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Oxford Science

Nature volume 143, page 717 (29 April 1939) | Download Citation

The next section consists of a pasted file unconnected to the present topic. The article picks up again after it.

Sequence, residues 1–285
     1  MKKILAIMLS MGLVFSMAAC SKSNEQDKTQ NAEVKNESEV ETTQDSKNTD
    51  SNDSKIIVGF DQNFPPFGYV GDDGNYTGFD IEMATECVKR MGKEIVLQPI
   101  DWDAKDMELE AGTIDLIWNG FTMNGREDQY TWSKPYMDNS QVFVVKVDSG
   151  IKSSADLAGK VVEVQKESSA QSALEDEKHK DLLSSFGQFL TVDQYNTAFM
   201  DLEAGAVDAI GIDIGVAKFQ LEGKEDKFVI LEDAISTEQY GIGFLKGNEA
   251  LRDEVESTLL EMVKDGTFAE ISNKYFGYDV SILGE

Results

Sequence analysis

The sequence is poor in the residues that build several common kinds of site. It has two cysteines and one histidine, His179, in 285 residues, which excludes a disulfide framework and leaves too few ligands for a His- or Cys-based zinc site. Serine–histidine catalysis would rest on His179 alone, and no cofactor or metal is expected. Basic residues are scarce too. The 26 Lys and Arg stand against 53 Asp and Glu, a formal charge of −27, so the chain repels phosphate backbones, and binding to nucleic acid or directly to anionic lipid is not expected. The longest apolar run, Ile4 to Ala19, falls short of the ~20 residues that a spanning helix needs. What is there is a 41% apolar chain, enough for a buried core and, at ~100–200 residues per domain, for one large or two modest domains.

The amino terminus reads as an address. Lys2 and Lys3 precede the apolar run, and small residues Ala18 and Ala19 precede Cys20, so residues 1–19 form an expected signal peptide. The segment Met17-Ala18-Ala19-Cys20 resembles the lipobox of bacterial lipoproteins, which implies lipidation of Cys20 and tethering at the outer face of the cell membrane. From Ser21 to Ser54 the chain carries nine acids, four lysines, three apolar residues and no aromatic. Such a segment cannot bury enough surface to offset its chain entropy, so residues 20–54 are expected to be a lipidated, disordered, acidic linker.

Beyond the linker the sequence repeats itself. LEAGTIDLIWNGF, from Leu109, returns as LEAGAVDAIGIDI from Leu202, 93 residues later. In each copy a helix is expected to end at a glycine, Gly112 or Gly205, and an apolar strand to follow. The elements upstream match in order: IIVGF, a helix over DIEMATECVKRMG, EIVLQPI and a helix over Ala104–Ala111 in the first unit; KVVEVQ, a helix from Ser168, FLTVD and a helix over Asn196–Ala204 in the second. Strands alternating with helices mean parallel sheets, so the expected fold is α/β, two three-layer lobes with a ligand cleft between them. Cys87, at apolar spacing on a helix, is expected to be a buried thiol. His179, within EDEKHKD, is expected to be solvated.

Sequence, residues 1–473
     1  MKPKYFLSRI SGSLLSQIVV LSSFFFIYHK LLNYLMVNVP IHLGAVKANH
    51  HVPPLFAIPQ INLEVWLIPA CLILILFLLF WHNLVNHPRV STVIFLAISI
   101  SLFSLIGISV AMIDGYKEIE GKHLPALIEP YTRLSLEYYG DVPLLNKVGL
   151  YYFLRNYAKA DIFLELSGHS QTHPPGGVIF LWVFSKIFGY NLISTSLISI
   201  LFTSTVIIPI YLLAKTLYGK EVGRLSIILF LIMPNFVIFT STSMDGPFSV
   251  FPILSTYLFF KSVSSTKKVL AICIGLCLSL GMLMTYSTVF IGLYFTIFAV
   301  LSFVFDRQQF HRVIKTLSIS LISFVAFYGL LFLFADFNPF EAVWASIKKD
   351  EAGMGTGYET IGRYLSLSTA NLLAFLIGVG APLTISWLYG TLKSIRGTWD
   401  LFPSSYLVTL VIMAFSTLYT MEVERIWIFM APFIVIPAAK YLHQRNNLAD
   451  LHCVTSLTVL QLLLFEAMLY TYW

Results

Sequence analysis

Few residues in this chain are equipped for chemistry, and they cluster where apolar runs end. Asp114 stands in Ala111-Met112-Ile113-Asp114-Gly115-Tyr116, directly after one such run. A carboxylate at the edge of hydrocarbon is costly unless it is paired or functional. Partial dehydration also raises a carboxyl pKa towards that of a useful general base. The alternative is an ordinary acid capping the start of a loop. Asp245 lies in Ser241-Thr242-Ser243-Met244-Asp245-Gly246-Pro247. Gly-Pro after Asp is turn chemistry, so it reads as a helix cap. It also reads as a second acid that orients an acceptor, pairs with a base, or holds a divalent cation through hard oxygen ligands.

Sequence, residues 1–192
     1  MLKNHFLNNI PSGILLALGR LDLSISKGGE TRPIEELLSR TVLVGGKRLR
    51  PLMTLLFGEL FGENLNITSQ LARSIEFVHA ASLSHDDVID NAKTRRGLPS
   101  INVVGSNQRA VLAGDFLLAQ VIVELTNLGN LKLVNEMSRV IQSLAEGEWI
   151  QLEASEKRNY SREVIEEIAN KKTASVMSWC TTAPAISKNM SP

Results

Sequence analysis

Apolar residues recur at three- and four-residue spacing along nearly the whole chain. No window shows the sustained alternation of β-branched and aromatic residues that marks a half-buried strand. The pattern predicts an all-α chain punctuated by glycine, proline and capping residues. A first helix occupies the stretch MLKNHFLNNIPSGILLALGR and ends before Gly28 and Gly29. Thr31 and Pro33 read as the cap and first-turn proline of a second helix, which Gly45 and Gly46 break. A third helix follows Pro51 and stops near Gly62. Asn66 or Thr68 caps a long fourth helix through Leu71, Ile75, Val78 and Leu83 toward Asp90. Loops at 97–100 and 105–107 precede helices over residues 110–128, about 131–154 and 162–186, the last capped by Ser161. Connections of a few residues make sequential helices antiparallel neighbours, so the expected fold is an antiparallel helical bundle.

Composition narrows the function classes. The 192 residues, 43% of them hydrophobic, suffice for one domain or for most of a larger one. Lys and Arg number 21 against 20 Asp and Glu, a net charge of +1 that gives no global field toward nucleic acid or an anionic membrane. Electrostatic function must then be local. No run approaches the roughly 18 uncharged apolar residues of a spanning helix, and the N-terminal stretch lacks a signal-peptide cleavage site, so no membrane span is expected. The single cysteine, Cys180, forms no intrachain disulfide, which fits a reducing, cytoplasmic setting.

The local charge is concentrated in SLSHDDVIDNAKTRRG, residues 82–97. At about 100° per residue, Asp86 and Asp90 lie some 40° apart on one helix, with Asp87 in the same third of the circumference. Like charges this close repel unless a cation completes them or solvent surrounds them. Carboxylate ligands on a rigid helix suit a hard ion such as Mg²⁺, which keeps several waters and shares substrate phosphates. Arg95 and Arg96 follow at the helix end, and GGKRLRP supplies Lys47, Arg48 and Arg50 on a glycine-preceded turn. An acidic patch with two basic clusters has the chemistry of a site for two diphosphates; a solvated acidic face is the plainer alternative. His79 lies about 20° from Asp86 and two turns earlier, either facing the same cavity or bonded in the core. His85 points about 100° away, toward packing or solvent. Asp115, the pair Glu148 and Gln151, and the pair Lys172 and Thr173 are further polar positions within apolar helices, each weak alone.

THE second quarterly issue of this publication maintains the high standard and interest of the first number. There are two articles on the teaching of chemistry at Oxford, one by an undergraduate, the other by Dr. J. H. Wolfenden, the former deliberately critical and even fault-finding, the latter an admirable exposition and defence of the unique system of training that has been in force at Oxford during the past seventeen years. The possibilities of science as an education are discussed by Dr. J. Z. Young. He advocates means of making scientific courses more valuable as a part of general education so that whoever takes them may hi some sense be educated and not, as too often at present, merely filled with plain facts. There are two articles on popular lines. Dr. A. H. Cooke of the Clarendon Laboratory gives a short account of the technique used there in attaining low temperatures and discusses briefly the more important results that have been obtained; Prof. J. H. Burn discusses the phrase ‘suffering from blood-pressure’ in a paper which will be read with interest by all and with relief by some. In “Correspondence” the Nuffield professor of clinical medicine criticizes some of the suggestions about the medical curriculum made by one of the medical tutors in an article in the first issue. There are also reviews of scientific books and short accounts of the activities of the scientific and medical undergraduate societies.

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